Overall, this movie should encourage teens to think critically about Scripture. These are not myths or fairy tales, but real events featuring very flawed individuals. Rather than accepting them without questions, biblical stories deserve to be pondered, examined, and revisited.
7. It’s a Wonderful Life
Though typically considered a Christmas movie, It’s A Wonderful Life has so much more to teach young viewers than the standard, holiday special. Told in two parts, the film chronicles the life of George Baily, a good man with big dreams for the future. However, George consistently puts the welfare of others before himself, resulting in a life which (from his perspective) is riddled with failure. This leads to a dark moment where George ponders if everything would be better off without him. Thankfully, a guardian angel appears and reveals to George what a difference he made in the world.
For today’s teens, It’s A Wonderful Life imparts two very important lessons. First, it shows them that they matter. With so many young people struggling with suicide, this message cannot be understated. Secondly, it teaches them not to judge the worth of their life through money or power. True wealth is something which comes from the heart.
8. Schindler’s List
The further we get from WWII, the harder it becomes for us to recognize the sheer scope and horror of the holocaust. Many modern teens will think about these events the way they consider a bad dream: unpleasant, but no longer relevant. Nothing could be further from the truth. Schindler’s List not only reveals the suffering endured by countless Jews, but shows how a single, flawed individual saved hundreds of lives. It’s a story of grace and courage during one of humanity’s darkest chapters, and it dares viewers to ask what they would have done in such circumstances.
Ultimately, there is so much for teenagers to take away from this film; the consequences of prejudice, the importance of history, and the knowledge that, “he who saves one life save the world entire.”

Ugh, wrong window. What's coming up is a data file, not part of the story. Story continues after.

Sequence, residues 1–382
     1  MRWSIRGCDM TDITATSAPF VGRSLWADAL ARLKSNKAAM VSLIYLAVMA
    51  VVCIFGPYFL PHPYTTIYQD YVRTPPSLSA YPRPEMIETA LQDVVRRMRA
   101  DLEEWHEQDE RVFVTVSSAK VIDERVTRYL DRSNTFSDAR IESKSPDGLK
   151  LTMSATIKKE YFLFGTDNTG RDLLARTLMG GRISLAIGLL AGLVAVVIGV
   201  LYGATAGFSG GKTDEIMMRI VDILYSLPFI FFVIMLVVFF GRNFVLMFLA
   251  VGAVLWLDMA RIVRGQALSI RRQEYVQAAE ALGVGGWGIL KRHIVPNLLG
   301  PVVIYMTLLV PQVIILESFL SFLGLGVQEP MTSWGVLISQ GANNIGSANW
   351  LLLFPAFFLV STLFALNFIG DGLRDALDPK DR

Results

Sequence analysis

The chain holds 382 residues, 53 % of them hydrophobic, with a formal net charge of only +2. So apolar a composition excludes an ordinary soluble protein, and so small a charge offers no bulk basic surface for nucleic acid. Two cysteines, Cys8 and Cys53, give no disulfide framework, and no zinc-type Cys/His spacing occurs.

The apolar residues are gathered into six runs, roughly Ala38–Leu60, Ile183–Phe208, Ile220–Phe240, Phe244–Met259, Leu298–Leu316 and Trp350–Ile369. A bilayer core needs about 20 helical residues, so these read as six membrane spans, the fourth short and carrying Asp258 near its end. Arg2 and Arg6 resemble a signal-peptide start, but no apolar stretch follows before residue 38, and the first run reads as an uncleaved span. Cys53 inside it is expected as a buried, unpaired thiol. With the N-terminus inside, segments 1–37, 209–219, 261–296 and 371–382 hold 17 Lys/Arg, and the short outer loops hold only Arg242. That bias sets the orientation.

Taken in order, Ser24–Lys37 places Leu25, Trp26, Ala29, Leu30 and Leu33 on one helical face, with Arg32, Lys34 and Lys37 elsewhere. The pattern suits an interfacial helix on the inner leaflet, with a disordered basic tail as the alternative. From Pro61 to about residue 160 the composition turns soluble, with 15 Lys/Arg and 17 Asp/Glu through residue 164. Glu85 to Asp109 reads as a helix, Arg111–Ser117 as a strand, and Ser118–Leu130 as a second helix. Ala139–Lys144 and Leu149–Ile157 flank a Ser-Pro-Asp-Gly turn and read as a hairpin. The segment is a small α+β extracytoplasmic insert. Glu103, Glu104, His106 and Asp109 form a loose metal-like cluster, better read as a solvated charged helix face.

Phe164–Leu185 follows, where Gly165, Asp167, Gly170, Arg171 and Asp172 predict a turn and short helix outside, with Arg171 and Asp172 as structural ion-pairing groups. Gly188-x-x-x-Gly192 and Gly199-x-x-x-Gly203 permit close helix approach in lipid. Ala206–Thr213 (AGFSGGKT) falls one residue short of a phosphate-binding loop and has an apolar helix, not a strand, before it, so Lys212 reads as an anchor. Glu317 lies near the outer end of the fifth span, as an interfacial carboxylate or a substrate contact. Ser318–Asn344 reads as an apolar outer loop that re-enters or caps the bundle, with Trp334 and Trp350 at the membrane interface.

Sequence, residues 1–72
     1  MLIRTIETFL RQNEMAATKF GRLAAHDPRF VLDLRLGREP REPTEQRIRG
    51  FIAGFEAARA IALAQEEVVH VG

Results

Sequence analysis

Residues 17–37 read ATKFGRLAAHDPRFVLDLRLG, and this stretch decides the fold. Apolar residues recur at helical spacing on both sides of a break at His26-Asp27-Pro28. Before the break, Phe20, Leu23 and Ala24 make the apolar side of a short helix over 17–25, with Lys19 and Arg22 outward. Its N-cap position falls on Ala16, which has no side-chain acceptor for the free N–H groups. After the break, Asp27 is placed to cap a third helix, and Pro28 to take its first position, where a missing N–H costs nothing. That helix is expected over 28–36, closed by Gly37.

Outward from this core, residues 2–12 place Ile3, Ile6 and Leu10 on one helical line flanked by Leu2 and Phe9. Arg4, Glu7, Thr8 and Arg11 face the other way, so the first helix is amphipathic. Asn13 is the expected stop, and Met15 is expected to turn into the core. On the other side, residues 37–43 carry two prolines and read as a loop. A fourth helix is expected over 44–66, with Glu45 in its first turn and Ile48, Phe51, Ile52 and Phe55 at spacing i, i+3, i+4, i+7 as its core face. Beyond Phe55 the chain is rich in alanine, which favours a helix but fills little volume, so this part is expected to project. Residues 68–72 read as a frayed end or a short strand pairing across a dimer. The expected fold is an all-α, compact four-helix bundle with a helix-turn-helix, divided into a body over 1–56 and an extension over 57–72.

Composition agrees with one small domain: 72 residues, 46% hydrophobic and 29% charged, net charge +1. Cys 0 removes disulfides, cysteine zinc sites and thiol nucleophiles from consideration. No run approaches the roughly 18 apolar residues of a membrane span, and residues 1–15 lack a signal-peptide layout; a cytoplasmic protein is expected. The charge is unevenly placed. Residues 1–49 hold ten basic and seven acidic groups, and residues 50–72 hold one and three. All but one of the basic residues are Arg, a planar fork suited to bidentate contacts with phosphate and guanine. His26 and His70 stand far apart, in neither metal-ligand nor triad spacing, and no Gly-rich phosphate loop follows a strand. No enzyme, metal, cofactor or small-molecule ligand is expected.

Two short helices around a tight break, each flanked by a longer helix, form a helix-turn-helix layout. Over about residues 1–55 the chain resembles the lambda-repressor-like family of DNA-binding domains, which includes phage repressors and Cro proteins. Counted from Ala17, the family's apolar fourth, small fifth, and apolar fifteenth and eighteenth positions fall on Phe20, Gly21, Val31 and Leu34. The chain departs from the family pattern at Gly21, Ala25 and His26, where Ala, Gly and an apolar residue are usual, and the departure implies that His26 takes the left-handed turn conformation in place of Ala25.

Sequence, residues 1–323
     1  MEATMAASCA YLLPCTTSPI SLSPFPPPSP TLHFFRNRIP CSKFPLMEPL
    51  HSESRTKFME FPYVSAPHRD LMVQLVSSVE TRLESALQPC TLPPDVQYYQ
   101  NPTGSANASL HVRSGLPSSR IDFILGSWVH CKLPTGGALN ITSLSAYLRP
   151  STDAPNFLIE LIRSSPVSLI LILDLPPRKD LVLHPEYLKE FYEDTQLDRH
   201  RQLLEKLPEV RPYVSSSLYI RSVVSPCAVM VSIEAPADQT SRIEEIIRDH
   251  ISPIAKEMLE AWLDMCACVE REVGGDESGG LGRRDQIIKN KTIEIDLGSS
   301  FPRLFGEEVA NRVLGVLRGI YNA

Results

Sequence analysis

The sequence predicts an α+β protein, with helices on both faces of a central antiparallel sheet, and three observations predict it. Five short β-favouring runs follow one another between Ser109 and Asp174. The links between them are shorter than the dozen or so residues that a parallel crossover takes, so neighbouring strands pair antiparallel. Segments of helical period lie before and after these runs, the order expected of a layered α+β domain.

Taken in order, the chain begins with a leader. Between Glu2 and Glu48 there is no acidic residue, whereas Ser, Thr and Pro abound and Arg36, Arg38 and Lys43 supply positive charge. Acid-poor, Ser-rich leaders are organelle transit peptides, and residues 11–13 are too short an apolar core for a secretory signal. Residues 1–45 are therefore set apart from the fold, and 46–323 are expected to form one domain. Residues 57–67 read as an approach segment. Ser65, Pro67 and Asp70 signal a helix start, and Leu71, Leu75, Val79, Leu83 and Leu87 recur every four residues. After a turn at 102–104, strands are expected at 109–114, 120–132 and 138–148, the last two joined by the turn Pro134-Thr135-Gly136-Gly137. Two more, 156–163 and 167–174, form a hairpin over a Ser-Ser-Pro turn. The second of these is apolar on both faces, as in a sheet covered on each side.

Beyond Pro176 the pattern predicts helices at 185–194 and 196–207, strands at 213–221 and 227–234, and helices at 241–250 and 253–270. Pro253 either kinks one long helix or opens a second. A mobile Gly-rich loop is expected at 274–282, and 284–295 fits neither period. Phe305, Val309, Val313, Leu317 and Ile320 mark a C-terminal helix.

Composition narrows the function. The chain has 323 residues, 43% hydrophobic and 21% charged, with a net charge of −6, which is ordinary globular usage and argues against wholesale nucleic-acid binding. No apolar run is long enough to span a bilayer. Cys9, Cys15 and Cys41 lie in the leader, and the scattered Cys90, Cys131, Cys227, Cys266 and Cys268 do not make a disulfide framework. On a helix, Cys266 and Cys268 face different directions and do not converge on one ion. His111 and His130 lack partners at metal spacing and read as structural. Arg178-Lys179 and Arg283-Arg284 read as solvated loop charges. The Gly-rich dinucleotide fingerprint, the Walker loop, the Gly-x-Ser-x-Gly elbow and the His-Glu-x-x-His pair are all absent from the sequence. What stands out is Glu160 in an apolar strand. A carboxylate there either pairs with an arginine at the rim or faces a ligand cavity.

Some readers will be surprised to find an obscure, sci-fi film on this list, but Gattaca shouldn’t go overlooked. Set in “the not-too-distant future”, Gattaca depicts a world where eugenics has become commonplace. In an effort to eradicate all disease, humans have resorted to genetically modify their children, while also deciding their gender, physical attributes, and even mental patterns. The main character, Vincent, was born naturally and thus considered “in-valid” by society. However, rather than accepting his menial status, Vincent concocts a plan which will propel him far beyond the dreams of his oppressors.
While not overtly spiritual, Gattaca still delivers a compelling, pro-life message along with subtle questions about free will, purpose, and God’s design for humanity. If nothing else, Gattaca serves as a testament that we are all, “fearfully and wonderfully made” (Psalm 139:14).
10. The Passion of the Christ
There is perhaps no movie more formative to a young believer than The Passion of the Christ. Arguably the greatest Christian movie in existence, the film captures every moment of fear, pain, and resolve surrounding the crucifixion of Jesus. From the opening moments in Gethsemane to the triumphant resurrection, The Passion takes viewersby the hand and leads them step-by-step through Christ’s sacrifice. Every frame is brutal and beautiful, unearthing the raw emotion of each moment. For many teens, this will be the moment when Christianity becomes real.
There are simply no words one can express after witnessing the death of Jesus, and realizing he died for you.
What about you? What classic movies do you believe a Christian teenagers should see?